Causal Reductionism (Complex Cause)

The explanation for an event or situation is reduced to a single, simple cause when there are other factors that contributed to it. The goal is to provide a simplistic answer to a complex problem while avoiding a more in-depth analysis, which could reveal flaws in one's arguments.

Reference: http://www.don-lindsay-archive.org/skeptic/arguments.html#causal_reduc

Example:

"Our team got terrible results for this pendulum lab.  Our data gave us a value for "g" of 11.7 instead of 9.8. So our percent of error came out to 19%. I don't know what went wrong. We followed the instructions exactly.  I don't think we had enough time to finish it. We should have had more than an hour.  I don't know how the other teams got good results when we didn't."

NB: While time can be an issue in lab work, the fact that other teams successfully completed the lab and got good results suggests that the lack of time was not the source of the problem. The poor results were more likely the result of measurement errors, timing errors, errors in data recording, calculation errors, or even distractions and the lack of serious attention to the lab process. While more time might have allowed the correction of those deficiencies, time was not the real problem.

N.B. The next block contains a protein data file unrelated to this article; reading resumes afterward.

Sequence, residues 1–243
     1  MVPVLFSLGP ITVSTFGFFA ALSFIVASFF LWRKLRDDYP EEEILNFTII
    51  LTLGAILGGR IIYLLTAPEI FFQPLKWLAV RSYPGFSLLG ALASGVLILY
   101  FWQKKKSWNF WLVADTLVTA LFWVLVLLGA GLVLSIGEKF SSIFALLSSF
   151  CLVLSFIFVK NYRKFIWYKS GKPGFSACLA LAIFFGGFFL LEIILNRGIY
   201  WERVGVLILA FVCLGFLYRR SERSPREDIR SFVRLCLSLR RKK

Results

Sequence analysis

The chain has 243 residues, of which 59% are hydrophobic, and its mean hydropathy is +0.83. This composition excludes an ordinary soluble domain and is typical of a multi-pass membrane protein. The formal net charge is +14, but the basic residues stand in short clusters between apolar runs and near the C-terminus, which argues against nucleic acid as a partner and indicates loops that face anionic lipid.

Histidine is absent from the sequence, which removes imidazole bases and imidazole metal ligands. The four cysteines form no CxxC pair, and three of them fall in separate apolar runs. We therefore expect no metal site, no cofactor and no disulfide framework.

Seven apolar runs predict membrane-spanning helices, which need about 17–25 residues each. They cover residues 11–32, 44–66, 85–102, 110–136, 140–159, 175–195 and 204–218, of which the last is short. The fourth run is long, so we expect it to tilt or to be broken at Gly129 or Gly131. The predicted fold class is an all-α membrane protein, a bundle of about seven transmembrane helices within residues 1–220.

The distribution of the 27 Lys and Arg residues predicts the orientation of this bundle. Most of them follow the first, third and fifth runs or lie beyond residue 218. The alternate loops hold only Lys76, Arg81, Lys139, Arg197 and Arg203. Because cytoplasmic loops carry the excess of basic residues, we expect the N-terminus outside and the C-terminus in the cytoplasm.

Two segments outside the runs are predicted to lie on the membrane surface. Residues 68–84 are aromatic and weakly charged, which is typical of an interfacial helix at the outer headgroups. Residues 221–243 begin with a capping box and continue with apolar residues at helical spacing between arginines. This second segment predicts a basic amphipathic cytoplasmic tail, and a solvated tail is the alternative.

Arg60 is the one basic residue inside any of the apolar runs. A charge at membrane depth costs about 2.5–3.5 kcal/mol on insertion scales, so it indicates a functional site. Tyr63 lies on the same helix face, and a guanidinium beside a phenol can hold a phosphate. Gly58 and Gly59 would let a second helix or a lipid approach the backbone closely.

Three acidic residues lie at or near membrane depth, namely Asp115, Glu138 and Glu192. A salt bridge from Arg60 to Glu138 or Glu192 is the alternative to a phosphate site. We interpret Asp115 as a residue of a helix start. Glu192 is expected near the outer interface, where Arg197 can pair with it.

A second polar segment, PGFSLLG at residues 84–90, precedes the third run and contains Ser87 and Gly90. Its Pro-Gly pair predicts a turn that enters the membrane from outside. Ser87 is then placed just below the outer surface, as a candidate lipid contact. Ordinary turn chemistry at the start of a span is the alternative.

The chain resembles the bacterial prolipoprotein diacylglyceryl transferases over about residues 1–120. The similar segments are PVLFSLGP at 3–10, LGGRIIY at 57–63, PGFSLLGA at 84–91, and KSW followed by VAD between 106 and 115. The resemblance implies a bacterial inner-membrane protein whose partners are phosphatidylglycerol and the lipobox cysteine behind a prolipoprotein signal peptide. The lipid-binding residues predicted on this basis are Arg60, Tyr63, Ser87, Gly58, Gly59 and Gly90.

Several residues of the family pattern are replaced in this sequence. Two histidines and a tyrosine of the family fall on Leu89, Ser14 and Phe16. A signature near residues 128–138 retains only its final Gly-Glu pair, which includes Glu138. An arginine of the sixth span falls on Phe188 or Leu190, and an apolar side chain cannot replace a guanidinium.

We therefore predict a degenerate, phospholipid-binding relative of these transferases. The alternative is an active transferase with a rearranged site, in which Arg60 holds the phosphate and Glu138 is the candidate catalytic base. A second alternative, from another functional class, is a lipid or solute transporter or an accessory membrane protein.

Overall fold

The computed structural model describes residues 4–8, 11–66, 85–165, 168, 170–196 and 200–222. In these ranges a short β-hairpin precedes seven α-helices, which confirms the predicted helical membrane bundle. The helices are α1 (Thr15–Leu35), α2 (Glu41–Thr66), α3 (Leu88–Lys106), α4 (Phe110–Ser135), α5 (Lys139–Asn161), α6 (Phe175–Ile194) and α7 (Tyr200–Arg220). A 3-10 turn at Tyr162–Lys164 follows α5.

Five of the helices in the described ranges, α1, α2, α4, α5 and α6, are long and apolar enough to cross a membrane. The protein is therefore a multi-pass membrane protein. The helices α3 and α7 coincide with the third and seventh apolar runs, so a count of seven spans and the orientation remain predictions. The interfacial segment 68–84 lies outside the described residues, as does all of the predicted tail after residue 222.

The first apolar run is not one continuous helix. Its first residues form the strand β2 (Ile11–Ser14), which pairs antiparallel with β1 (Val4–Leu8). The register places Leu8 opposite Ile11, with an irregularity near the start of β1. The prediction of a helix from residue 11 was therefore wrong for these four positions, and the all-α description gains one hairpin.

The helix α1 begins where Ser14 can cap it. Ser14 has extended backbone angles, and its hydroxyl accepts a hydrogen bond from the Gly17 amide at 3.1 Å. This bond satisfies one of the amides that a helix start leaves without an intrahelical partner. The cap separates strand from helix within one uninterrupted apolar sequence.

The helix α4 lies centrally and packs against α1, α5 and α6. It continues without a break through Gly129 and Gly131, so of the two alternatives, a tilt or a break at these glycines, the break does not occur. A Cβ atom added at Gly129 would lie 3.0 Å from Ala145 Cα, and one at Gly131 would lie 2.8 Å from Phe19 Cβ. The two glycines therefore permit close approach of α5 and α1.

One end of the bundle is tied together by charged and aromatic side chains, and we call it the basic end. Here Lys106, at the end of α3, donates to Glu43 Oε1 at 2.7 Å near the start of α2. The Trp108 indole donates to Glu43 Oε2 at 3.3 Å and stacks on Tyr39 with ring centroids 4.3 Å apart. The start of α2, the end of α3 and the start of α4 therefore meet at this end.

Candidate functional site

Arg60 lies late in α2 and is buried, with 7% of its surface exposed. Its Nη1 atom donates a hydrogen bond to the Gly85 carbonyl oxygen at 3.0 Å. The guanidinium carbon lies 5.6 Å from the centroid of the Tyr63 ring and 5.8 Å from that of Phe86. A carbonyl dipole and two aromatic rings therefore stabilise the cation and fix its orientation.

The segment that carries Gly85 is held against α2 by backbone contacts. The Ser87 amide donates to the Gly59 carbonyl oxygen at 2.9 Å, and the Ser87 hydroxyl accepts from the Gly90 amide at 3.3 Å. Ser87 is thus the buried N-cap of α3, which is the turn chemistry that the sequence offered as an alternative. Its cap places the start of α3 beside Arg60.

Contemporary Media Examples
 
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